So COVID persists, 31 months after the first case was diagnosed in Wuhan, China. The longer the virus circulates, the more variants it produces. BA.5 is the almost inevitable result of this tragic dynamic.
The situation is not entirely hopeless. Yes, BA.5 seems to reduce the effectiveness of the best messenger RNA vaccines. Vaccine maker Moderna has released data indicating that a booster shot it is developing specifically for Omicron and its progeny works only one-third as well against BA.5 compared to previous subvariants.
But vaccines, boosters, and past infections still provide significant, albeit reduced, protection against BA.5. “Even a boost of the original genome, or a recent infection, [produce] certain cross-protective antibodies to lessen the severity of a new infection with an Omicron subvariant,” Eric Bortz, a University of Alaska-Anchorage virologist and public health expert, told The Daily Beast.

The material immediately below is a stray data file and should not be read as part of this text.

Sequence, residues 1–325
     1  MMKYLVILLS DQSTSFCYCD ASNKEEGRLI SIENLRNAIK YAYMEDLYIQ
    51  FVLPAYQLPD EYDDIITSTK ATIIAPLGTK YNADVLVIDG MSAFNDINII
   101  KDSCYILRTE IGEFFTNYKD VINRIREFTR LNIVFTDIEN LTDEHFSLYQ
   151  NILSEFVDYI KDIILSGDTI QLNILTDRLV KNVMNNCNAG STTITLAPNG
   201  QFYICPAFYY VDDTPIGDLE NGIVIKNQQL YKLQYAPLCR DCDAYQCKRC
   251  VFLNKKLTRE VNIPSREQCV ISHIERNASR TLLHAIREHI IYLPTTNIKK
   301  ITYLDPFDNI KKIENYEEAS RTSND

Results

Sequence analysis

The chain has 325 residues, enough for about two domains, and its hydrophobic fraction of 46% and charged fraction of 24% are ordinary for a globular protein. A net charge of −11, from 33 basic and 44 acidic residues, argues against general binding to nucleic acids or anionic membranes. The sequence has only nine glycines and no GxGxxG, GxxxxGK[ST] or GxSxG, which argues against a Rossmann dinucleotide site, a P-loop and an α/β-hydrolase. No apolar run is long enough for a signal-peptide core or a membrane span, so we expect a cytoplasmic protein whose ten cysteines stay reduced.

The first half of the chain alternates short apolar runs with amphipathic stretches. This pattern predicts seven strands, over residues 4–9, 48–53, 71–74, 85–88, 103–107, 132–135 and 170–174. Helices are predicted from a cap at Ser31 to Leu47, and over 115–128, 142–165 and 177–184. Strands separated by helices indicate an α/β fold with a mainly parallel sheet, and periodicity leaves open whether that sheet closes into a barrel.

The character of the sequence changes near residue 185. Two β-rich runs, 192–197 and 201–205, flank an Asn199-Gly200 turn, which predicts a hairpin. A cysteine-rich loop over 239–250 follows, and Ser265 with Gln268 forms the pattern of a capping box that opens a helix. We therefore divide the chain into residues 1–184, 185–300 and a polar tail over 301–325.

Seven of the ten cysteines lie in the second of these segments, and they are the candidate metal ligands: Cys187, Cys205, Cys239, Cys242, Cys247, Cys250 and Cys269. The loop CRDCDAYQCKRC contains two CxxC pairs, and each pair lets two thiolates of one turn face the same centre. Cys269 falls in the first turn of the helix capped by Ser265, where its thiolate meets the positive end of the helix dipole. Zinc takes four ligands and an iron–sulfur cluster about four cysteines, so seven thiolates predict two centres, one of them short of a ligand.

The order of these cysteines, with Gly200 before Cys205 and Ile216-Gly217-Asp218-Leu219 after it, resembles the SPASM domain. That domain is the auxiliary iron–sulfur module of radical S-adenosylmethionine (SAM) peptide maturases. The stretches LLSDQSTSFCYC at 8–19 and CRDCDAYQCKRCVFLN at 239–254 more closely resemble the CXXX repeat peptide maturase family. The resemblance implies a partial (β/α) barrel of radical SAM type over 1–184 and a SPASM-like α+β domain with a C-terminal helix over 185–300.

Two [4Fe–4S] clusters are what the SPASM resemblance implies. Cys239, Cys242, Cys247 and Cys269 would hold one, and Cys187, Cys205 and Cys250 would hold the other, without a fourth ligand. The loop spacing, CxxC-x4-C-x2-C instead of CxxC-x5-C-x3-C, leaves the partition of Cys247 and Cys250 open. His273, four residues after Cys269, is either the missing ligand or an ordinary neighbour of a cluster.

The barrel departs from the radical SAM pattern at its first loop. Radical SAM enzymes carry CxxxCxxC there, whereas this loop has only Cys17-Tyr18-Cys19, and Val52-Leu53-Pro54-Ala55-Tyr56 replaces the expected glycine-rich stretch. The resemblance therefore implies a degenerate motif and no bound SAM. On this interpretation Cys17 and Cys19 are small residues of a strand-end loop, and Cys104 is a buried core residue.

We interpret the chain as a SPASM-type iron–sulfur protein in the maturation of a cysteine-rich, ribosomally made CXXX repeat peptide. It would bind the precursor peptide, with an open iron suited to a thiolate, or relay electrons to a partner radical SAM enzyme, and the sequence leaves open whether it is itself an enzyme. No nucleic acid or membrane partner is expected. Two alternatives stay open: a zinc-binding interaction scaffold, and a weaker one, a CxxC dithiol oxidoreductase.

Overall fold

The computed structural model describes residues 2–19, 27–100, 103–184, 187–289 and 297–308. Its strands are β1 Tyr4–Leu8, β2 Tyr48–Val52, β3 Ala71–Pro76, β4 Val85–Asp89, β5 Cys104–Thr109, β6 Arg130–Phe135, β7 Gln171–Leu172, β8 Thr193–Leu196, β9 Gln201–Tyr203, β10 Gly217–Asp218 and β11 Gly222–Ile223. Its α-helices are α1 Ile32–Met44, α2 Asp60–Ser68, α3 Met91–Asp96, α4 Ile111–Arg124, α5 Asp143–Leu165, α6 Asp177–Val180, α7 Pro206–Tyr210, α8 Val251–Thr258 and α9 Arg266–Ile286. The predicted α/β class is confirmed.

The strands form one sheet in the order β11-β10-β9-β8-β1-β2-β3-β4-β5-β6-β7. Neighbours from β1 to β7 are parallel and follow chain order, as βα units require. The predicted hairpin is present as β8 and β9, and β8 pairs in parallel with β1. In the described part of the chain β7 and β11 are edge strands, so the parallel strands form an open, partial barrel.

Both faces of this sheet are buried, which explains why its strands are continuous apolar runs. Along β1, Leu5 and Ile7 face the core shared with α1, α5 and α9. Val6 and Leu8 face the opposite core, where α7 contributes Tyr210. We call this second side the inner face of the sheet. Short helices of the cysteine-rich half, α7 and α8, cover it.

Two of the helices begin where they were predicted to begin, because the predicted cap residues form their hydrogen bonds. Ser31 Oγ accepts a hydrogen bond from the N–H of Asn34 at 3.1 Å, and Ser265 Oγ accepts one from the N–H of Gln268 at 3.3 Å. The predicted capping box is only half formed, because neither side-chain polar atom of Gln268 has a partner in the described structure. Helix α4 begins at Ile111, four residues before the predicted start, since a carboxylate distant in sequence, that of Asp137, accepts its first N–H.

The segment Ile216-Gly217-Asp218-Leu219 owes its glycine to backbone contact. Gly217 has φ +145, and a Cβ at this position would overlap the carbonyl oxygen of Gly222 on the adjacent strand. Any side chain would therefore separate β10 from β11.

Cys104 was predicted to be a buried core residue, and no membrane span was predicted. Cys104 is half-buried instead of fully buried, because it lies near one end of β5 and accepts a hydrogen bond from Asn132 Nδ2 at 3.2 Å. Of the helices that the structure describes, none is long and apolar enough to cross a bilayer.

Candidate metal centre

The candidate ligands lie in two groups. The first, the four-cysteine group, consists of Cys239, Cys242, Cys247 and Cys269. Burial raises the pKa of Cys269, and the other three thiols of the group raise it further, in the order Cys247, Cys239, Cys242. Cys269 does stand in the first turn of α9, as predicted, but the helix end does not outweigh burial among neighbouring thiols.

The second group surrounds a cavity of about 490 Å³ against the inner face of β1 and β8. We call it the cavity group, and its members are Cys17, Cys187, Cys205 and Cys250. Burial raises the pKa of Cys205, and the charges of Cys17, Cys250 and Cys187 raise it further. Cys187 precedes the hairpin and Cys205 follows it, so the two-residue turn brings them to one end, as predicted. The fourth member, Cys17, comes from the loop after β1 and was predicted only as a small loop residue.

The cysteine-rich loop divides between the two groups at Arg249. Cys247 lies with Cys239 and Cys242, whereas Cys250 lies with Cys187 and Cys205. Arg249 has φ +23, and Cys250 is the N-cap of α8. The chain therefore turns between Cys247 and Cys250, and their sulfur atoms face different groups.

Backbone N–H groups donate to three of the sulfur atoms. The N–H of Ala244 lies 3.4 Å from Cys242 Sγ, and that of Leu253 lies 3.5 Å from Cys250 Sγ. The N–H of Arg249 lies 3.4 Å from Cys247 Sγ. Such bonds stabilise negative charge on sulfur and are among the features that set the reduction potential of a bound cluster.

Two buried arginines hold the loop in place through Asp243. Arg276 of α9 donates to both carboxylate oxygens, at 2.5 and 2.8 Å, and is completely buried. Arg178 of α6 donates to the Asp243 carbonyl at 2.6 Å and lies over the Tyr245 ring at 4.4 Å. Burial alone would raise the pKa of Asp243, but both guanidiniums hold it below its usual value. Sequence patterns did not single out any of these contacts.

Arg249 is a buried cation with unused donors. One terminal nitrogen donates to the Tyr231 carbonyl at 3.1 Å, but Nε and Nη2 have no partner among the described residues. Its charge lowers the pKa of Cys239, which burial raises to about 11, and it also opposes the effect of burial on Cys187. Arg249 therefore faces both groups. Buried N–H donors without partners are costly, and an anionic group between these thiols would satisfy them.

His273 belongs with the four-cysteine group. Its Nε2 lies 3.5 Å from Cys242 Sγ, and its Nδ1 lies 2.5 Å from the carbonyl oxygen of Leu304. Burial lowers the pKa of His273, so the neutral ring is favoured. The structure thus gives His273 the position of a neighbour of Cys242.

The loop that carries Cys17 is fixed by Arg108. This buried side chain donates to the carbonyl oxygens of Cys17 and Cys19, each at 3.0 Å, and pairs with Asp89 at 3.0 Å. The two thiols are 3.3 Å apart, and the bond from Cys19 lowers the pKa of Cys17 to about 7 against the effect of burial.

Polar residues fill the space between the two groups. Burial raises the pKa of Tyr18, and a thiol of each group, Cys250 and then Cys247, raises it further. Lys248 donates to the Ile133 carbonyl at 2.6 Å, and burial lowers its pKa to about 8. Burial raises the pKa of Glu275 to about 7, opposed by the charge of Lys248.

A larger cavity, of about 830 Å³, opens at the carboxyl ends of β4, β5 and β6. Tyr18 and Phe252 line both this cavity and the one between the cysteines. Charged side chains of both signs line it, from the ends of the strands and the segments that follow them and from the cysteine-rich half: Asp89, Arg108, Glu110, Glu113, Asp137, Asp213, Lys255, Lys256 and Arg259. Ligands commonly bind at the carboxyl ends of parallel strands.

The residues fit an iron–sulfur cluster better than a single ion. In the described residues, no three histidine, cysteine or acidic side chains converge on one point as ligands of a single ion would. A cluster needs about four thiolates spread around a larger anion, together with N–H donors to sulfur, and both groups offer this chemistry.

The more extra jabs you get on top of your primary run, the better protected you are. Arguably the best protection results from two main injections of the mRNA vaccines from Pfizer or Moderna plus a few boosters. “Get your fucking fourth shot!” said Redler.
The problem in the United States is that only people aged 50 or over or with certain immune disorders can get a second booster. And the U.S. Food and Drug Administration won’t say if, or when, it might allow second boosters for young people. “I have nothing to share at this time,” an FDA spokesperson told The Daily Beast when asked about boosters for those under 50.
This is an obvious bureaucratic error. No less than a million booster doses are about to expire in the United States, all for lack of takers. “A profound waste, which should be made available to all people under the age of 50 who seek additional protection,” Topol wrote.